The Italian Job, report: Italian serial killer more normal than DSM V or PCL-R psychopaths

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In this post, we wind our way to complaining about the financial services industry, first by discussing serial killers.   An Italian serial killer is more normal than diagnosed psychopaths, according to a recent report out of Italy:

Angrilli A, Sartori G, Donzella G. Cognitive, Emotional and Social Markers of  Serial Murdering. Clin Neuropsychol. 2013 Feb 18. [Epub ahead of print] PubMed PMID: 23414440 (emphasis added) —

. . .A serial killer who murdered more than five people, KT, was administered a battery of standardized tests aimed at measuring neuropsychological impairment and social/emotional cognition deficits. KT exhibited a striking dissociation between a high level of emotional detachment and a low score on the antisocial behavior scale on the Psychopathy Checklist-Revised (PCL-R). The Minnesota Multiphasic Personality Inventory-2 showed a normal pattern with the psychotic triad at borderline level. KT had a high intelligence score and showed almost no impairment in cognitive tests sensitive to frontal lobe dysfunction (Wisconsin Card Sorting Test, Theory of Mind, Tower of London, this latter evidenced a mild impairment in planning performance). In the tests on moral, emotional and social cognition, his patterns of response differed from matched controls and from past reports on criminal psychopaths as, unlike these individuals, KT exhibited normal recognition of fear and a relatively intact knowledge of moral rules but he was impaired in the recognition of anger, embarrassment and conventional social rules. . . .

 This jibes with our theory of high-functioning psychopaths having selective brain wiring disconnects, rather than global brain wiring problems.  This particular serial killer was similar to normal controls, except in ” impaired recognition of anger, embarrassment and conventional social rules. . . ” Although we’ve seen high functioning psychopaths fail to recognize fear in others (and, additively, assume everyone else was angry), the cognitive social knowledge and general intelligence was intact. (Intact perhaps understates their proclivity toward pathological lying, which would indicate excess localized white matter, here).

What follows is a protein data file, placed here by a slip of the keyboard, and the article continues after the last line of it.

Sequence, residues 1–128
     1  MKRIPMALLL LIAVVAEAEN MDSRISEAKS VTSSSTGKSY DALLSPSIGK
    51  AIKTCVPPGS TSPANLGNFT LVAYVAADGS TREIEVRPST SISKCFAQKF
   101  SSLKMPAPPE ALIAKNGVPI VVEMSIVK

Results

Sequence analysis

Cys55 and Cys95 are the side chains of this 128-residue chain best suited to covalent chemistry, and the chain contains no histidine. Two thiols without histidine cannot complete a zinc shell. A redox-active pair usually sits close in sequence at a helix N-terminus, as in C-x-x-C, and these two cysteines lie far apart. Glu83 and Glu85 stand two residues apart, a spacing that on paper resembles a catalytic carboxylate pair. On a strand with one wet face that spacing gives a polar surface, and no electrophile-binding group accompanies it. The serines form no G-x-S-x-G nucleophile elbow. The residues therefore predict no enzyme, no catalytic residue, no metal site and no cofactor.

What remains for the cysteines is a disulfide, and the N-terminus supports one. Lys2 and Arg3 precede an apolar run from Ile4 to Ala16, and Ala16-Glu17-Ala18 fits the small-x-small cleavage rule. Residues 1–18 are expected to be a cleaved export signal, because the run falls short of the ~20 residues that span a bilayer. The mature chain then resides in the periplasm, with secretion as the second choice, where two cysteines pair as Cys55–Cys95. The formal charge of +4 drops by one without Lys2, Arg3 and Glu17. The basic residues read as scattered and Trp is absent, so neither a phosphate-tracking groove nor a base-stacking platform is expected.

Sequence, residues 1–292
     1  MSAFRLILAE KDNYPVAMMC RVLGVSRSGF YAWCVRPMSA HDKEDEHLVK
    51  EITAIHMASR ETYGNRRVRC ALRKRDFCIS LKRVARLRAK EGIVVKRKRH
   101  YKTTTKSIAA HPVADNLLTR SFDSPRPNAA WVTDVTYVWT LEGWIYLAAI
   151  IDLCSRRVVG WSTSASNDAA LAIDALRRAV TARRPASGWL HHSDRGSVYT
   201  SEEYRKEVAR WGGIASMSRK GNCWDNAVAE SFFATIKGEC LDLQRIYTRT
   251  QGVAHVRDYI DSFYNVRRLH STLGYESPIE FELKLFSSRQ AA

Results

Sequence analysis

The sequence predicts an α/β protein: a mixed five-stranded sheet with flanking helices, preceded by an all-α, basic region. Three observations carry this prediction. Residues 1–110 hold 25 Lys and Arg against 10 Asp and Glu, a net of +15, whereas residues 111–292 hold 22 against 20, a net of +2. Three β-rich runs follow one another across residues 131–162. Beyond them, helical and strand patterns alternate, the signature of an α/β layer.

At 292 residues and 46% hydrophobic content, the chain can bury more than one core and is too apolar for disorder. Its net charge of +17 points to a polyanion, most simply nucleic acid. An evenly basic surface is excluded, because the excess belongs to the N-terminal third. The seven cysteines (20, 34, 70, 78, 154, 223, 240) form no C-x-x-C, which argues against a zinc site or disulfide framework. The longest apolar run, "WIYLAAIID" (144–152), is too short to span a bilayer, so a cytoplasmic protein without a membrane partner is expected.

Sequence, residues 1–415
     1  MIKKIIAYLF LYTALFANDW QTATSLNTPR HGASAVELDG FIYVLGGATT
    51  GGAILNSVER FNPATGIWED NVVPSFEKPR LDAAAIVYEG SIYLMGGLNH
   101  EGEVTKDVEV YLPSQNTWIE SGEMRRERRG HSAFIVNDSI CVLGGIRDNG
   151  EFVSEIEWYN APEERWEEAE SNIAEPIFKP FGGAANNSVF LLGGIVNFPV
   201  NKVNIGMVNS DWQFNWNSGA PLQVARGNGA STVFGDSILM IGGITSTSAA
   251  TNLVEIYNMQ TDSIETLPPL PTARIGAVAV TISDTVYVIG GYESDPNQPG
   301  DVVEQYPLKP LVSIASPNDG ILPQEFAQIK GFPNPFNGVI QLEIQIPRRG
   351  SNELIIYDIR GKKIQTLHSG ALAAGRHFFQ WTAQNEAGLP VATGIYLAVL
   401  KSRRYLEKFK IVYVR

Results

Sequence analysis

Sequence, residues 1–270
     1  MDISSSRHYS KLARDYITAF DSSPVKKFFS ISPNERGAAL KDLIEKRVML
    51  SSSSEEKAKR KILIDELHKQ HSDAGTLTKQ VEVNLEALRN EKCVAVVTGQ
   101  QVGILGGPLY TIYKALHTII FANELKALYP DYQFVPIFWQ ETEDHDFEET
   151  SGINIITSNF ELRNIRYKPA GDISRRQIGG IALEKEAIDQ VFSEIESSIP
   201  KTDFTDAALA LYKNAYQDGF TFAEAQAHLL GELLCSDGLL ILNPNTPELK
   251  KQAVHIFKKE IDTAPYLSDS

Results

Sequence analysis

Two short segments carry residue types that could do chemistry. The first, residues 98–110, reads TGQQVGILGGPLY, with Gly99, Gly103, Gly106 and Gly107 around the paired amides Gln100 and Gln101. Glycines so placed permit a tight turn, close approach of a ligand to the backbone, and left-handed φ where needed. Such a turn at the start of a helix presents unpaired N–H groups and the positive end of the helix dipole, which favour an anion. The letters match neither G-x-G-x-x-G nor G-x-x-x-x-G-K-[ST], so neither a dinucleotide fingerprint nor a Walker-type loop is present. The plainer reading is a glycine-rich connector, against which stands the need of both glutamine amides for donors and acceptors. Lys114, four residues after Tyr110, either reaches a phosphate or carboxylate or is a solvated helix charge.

Compare another report, that incarcerated men with psychopathic traits have low “emotional intelligence”:

Ermer E, Kahn RE, Salovey P, Kiehl KA. Emotional intelligence in incarcerated men with psychopathic traits. J Pers Soc Psychol. 2012 Jul;103(1):194-204. doi: 10.1037/a0027328. Epub 2012 Feb 13. PubMed PMID: 22329657; PubMed Central PMCID: PMC3378803 (emphasis added):

. . .Emotional intelligence (EI) is defined as the ability to perceive, manage, and reason about emotions, in oneself and others. Individuals with psychopathy have numerous difficulties in social interaction and show impairment on some emotional tasks. Here, the authors investigate the relation between EI and psychopathy in a sample of incarcerated men (N = 374), using the Psychopathy Checklist-Revised (PCL-R; Hare, 2003) and the Mayer-Salovey-Caruso Emotional Intelligence Test (MSCEIT; Mayer, Salovey, & Caruso, 2002). The MSCEIT is a well-validated ability-based EI measure that does not rely on self-report judgments of emotional skills. The Hare PCL-R is the gold standard for the assessment of psychopathy in clinical populations. Controlling for general intelligence, psychopathy was associated with lower EI [emotional intelligence]. These findings suggest individuals with psychopathy are impaired on a range of EI abilities and that EI is an important area for understanding deficits in psychopathy.

Now, given your loyal bloggist’s up-close-and-personal observations of non-incarcerated, high functioning psychopaths*, we observe they are more similar to the Italian serial killer than the incarcerated men having psychopathic-traits.  We could see them (the high functioning ones) being killers, if that suited their temperament/utilitarian goals. Killing in seriatim might be their thing, like, if they were Henry the VIII, and they just wanted to get rid of wives for one reason or another.  Or Mussolini, seeking power.  Maybe they themselves wouldn’t do the killing, but their agents would be so instructed, without a second thought.

This is why we view the failure to prosecute the financial services honchos as particularly galling. At one point, people were discussing the concept of “bankslaughter”  — that is, killing a bank by reckless management. We think this should be upped to criminal prosecution for banking serial murder, or even bank genocide. And, as forseeable and proximate, the killing of innocent citizens through the stress and breaking of social supports by said bankocidal maniacs.

*Our non-professional diagnosis, natch.